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But more likely, the outcome would be similar to that usually seen in Missouri: The House would pass a more comprehensive and partisan bill, and minority party senators, weary after weeks of filibuster, would negotiate a compromise stripping a few components they find most objectionable, leaving the more popular ones, and perhaps even using the leverage of their filibuster to add one of their own rare popular proposals (say, a photo identification requirement, backed by 72% of voters). 

Such legislation would, in its totality, be broadly accepted.

That’s how the Founders designed Washington to work.

Now if only Congress would step aside and let Missouri “show them” how the world’s so-called greatest deliberative body should operate. 

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Jeff Smith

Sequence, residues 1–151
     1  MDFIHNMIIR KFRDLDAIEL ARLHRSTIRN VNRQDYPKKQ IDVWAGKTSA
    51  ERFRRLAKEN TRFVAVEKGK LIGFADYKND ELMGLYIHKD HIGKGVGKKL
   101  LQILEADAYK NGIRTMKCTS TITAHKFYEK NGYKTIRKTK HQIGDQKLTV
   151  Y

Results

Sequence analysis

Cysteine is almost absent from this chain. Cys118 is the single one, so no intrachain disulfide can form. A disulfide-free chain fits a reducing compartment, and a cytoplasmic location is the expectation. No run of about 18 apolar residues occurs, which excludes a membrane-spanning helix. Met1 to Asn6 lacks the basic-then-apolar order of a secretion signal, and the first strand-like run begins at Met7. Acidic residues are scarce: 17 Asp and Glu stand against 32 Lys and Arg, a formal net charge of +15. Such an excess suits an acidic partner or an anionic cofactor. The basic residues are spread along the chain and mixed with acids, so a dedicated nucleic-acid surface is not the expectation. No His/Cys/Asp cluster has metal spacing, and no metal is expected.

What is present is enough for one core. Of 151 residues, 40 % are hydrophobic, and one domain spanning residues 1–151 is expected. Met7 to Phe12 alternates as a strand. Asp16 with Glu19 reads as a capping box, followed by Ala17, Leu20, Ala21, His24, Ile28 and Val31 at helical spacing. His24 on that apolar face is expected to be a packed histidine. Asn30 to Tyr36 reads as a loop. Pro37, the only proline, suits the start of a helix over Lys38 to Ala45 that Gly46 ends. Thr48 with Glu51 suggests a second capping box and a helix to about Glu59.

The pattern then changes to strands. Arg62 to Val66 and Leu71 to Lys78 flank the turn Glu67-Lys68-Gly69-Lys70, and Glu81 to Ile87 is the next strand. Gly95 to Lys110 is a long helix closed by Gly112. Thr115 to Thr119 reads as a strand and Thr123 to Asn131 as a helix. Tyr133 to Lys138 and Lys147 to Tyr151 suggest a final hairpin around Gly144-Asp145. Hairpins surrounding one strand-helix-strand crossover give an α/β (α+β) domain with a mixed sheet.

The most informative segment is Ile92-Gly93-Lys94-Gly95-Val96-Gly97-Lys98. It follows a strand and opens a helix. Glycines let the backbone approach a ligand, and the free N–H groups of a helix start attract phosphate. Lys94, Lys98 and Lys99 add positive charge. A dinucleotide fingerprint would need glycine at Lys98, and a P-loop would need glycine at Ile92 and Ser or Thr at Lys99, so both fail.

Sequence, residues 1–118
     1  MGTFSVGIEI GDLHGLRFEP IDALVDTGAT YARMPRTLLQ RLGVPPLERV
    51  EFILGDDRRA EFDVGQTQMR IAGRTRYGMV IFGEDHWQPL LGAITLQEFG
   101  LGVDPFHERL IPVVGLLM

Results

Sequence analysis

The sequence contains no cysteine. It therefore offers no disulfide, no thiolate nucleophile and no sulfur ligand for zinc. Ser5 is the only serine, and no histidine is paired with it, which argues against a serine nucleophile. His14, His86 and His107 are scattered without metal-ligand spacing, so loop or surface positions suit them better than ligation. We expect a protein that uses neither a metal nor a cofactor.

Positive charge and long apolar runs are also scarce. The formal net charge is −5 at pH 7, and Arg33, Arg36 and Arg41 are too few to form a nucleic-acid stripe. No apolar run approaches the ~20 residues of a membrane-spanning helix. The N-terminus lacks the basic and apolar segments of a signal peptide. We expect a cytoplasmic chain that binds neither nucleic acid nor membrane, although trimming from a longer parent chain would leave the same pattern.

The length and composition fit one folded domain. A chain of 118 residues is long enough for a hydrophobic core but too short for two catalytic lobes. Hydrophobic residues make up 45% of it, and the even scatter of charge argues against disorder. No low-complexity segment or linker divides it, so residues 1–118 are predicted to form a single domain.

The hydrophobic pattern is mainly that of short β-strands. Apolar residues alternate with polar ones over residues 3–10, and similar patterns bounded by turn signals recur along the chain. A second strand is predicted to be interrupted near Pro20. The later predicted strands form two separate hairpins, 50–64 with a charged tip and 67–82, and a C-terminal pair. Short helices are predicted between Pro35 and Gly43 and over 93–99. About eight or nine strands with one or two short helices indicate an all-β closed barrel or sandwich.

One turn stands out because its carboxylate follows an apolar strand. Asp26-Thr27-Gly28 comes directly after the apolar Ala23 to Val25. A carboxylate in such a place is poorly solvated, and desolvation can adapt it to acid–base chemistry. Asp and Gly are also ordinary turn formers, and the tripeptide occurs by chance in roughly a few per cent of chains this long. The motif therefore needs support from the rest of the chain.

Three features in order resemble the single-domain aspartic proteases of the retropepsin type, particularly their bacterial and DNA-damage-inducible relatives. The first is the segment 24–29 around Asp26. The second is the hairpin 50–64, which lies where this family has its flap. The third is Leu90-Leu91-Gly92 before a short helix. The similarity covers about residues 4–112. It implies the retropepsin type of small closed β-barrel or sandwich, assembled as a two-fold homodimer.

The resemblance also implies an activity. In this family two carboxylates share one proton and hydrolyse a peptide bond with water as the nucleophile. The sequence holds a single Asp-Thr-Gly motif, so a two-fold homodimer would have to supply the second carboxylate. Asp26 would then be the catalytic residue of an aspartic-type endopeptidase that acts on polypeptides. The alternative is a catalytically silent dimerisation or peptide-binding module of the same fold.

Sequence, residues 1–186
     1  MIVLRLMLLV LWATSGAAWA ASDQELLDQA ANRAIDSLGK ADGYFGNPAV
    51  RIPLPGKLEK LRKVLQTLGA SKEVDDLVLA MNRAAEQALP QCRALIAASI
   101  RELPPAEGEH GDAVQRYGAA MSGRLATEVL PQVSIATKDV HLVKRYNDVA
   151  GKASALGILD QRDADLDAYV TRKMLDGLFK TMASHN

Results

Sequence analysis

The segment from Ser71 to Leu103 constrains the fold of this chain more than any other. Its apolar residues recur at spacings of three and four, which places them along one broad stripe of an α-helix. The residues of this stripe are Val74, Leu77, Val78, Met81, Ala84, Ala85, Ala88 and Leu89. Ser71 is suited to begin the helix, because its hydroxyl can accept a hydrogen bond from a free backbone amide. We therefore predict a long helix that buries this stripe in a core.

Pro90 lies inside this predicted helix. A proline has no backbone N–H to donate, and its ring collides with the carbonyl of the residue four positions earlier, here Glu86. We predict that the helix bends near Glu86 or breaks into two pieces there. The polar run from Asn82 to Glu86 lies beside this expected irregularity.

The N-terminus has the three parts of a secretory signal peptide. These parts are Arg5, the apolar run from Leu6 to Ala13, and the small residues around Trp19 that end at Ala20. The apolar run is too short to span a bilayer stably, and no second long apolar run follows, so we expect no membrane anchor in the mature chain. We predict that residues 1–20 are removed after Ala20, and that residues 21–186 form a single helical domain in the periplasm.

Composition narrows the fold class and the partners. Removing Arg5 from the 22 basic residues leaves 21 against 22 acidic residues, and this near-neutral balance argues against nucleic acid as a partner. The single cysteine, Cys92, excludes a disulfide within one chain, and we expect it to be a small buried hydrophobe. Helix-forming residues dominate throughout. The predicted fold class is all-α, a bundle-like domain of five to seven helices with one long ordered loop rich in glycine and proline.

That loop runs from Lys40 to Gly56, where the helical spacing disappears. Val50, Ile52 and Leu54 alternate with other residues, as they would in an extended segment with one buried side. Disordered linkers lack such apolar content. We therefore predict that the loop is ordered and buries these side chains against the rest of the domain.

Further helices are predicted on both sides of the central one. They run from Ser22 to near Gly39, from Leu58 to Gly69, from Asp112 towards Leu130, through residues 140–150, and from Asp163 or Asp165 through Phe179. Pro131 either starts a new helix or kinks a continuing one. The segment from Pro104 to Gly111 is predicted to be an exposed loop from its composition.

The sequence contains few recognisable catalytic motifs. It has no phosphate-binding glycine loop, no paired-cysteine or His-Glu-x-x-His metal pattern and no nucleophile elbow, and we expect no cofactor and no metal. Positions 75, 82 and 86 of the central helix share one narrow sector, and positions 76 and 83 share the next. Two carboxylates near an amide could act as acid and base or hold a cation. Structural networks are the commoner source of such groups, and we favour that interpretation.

Jeff Smith

Jeff Smith is executive director of the Missouri Workforce Housing Association, which supports development of safe, affordable housing. Previously, he taught public policy at Dartmouth College and The New School, represented the city of St. Louis in the Senate, and wrote three books: Trading Places, on U.S. party alignment; Mr. Smith Goes to Prison, a memoir and argument for reform; and Ferguson in Black and White, an historical analysis of St. Louis inequality. He holds a Ph.D. in political science from Washington University.